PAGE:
Ultimately, the influence of the new generation prevailed, and during Ernest’s second term of office, the IHCA became the International Messianic Jewish Alliance. Although he was far from happy with the developments, Ernest could see positive elements in the Messianic movement. Apart from other considerations, he recognised the movement was unstoppable and held no grudges. He attended Messiah 1988, a full-blown Messianic event organised by the Messianic Jewish Alliance of America, which included what was termed “Davidic worship”, or dance. He was at that time the President of the International Alliance and was invited by the conference to share his thoughts. His comments were in the main encouraging and positive but contained hints of a warning:

I think that, quite candidly, you have every reason to be grateful to the God of our fathers for the wonderful movement that is taking place. If I can pinpoint something on the present position of the American Alliance, it is this: the real movement of the Spirit of God.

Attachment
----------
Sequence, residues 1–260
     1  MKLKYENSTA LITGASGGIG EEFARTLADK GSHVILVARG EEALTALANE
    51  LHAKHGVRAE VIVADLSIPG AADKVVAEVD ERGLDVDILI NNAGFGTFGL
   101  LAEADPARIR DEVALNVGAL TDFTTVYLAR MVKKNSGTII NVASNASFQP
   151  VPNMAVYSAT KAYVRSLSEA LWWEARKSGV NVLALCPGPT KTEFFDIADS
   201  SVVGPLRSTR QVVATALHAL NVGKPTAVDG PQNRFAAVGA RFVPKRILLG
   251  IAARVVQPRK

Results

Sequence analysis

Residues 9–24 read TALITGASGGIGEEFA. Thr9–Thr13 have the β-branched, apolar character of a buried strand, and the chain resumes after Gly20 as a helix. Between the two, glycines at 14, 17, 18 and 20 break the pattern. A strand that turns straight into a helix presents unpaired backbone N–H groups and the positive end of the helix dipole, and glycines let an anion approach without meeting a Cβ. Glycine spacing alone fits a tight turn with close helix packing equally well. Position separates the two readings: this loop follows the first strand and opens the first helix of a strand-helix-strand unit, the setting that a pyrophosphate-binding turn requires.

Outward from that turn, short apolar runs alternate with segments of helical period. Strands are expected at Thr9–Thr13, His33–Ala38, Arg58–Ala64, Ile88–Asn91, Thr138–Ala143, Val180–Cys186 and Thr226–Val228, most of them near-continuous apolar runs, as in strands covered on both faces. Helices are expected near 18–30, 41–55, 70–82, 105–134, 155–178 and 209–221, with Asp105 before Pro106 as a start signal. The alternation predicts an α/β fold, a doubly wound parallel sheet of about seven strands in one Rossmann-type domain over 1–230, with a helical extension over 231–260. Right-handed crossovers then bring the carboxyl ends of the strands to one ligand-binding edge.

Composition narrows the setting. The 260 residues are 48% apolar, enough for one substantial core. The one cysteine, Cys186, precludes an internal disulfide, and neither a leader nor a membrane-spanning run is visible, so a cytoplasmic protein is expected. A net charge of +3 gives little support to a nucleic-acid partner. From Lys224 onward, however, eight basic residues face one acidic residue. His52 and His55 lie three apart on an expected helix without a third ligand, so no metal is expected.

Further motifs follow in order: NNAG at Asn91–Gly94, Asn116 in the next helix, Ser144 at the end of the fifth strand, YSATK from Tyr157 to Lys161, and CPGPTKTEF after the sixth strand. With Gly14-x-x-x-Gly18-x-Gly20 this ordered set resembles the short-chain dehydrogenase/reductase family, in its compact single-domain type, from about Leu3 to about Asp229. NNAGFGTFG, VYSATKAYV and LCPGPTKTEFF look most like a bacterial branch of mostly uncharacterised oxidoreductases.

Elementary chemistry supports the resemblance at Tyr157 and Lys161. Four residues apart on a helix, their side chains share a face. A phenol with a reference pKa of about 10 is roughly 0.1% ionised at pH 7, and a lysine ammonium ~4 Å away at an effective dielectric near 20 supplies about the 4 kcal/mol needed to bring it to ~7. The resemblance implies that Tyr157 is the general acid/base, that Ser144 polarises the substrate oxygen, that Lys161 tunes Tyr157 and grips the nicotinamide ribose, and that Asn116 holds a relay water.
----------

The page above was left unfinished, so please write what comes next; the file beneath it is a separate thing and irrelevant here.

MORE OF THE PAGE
In my lifetime and that of my contemporaries in the British alliance, it was very rare that a family would come to acknowledge of Yeshua. Here in America, I consider it amazing to see whole families united in the faith. This particular conference is predominantly a young people’s movement, something that we of the older generation have been praying for, for years and years.

In this conference you have impressed us with your attitude to those of the past generation. You haven’t swept us out of the window. You feel that by God’s grace we have made our own contribution. I believe that when you go into the annals of your own Alliance’s history, you will feel that those people of the past did lay a very solid foundation and it was probably their prayers that have resulted in this tremendous movement of God that you have experienced in the last twelve to fifteen years.